Chabad House rabbi calls for donations, open dialogue in face of menorah damage

Paige Leskin, City Editor

Two weeks after the menorah in front of the Tannenbaum Chabad House was vandalized, its rabbi is looking to the Northwestern network and the local community to fund a replacement for the Jewish symbol.

The harm that the menorah sustained in the early morning of Oct. 25 has left it destroyed and beyond repair, Chabad House Rabbi Dov Hillel Klein said. The incident, which was the third time in the past six months that the menorah has been damaged, shows the need for increased sensitivity of the community toward religion, he said.

“I think most of our students know what a menorah is. It wasn’t a Halloween decoration that was pushed over,” Klein said. “Maybe perhaps we as a campus need to be having conversation about religious diversity, the meaning of religious symbols … I’m not sure if those conversations are really happening.”

Klein said the incident occurred between the time he left Shabbat services at the Chabad House, 2014 Orrington Ave., early Oct. 25 at about 12:30 a.m., and when he returned later that morning to the house. After Shabbat had ended Saturday night, he said he was able to review the video footage of the vandalism.

The rabbi said the video showed one student, who was walking by the house with another student, approach the menorah and knock it over. The student did not look intoxicated, but instead “maliciously” intended to damage the menorah, Klein said. He filed a report with Evanston police soon after watching the footage.

Evanston police Cmdr. Jay Parrott compared the incident with a similar occurrence in May when the menorah was damaged and said it was probably someone intoxicated who made a poor decision to knock over the menorah.

In the incident in May, police released a video that showed a man tipping over the large menorah, causing a light bulb on it to shatter.

Parrott said he has not seen any video of the most recent incident. Klein said he is waiting on police to pick up the footage from him.

Police do not believe that the incident was a hate crime and have not categorized it as one, Parrott said.

In response to the damage to the menorah, an alumnus pledged to pay for half of the new menorah if the Chabad House could raise the other 50 percent, Klein said. The menorah would cost around $1,200 in total, half of which Klein hopes to raise through donations from NU students, their parents and other alumni, he said.

Klein said he plans to hold a dedication ceremony once the new menorah comes in, similar to what the Chabad House did in 2010 when the menorah was vandalized four years ago. He hopes to invite NU student groups that represent various minorities and faiths to join with the Jewish community to form unity across religious lines, Klein said.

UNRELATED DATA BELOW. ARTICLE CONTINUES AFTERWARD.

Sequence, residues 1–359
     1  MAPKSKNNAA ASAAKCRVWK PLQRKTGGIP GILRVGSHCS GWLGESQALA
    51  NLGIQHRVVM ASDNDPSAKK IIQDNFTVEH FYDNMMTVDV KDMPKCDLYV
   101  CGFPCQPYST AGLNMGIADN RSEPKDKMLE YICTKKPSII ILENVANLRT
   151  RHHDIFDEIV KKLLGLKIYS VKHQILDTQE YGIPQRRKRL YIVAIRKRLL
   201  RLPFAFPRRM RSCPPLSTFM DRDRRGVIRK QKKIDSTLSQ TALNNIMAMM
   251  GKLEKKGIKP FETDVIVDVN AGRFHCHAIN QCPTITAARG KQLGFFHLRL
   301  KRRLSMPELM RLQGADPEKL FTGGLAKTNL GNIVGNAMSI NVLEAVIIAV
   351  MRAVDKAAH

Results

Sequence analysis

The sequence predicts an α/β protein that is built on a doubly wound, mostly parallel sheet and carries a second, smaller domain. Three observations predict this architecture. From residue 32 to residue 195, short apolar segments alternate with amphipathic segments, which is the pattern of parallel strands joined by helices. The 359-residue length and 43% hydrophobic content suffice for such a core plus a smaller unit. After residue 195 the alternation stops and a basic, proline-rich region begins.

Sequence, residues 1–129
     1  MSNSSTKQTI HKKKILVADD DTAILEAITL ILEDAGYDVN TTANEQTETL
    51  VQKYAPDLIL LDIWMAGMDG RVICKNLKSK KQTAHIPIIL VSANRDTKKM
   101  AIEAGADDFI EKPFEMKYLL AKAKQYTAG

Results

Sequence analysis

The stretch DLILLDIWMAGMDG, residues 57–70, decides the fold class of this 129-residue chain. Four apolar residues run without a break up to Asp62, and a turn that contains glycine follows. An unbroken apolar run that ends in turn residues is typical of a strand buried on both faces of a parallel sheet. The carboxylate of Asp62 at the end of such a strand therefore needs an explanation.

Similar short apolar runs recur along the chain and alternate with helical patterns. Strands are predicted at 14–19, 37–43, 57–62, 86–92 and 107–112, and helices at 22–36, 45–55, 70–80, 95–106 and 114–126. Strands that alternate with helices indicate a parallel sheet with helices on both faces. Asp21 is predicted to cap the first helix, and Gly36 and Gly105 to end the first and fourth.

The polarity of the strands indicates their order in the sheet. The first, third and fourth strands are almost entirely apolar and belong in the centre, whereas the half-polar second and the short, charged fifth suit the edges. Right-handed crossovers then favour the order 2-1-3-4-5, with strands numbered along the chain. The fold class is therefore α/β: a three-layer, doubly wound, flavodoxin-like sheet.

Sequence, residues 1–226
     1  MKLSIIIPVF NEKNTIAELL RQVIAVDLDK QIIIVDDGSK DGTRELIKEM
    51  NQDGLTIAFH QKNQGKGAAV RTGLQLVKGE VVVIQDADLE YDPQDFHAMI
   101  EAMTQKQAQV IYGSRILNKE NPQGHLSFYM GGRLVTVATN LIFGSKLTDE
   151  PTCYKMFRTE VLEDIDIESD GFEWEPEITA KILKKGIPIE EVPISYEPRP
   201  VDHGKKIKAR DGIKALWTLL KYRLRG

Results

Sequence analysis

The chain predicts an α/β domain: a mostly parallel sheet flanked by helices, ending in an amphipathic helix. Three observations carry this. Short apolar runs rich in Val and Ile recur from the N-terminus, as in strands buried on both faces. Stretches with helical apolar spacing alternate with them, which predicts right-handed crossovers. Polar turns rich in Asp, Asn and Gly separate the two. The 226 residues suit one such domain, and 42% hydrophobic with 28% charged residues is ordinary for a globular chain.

“A solidarity of all of us coming together to make a strong statement that we will not tolerate religious intolerance on our campus, no matter who it’s being perpetrated to, I think that will be a very strong positive message to the campus community,” Klein said. “The menorah represents freedom of religion. What you’re doing is attacking that freedom.”

At the Associated Student Government’s weekly meeting Wednesday, Senate passed legislation that condemned the recent vandalism that had happened at Chabad House and voiced the organization’s commitment to fighting religious intolerance. Adam Stewart, president of Chabad House’s student executive board, called the resolution a “step in the right direction.”

“(The vandalism) really shows that there’s a lot of work to do in terms of more acceptance both in the University community and in the world at large,” the Weinberg senior said. “It’s great that there’s a lot of student support behind Chabad.”

The backing of the students is only the first course of action, Klein said. He said he hoped the NU administration would follow suit in condemning the damage to the menorah and bringing the issue of religious diversity to the forefront of discussion on campus.

Klein asked that the students who caused the damage not be “cowards” and come forward, explaining what they were feeling and opening up a dialogue with Chabad House about religion.

“There’s no question that things have been stirring over the last few months in Israel and in the Middle East,” Klein said. “Could this be a reaction to that? I don’t know. But I don’t know that the conversations are really taking place in a very strong way today. And I think those conversations need to be happening.”

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Twitter: @paigeleskin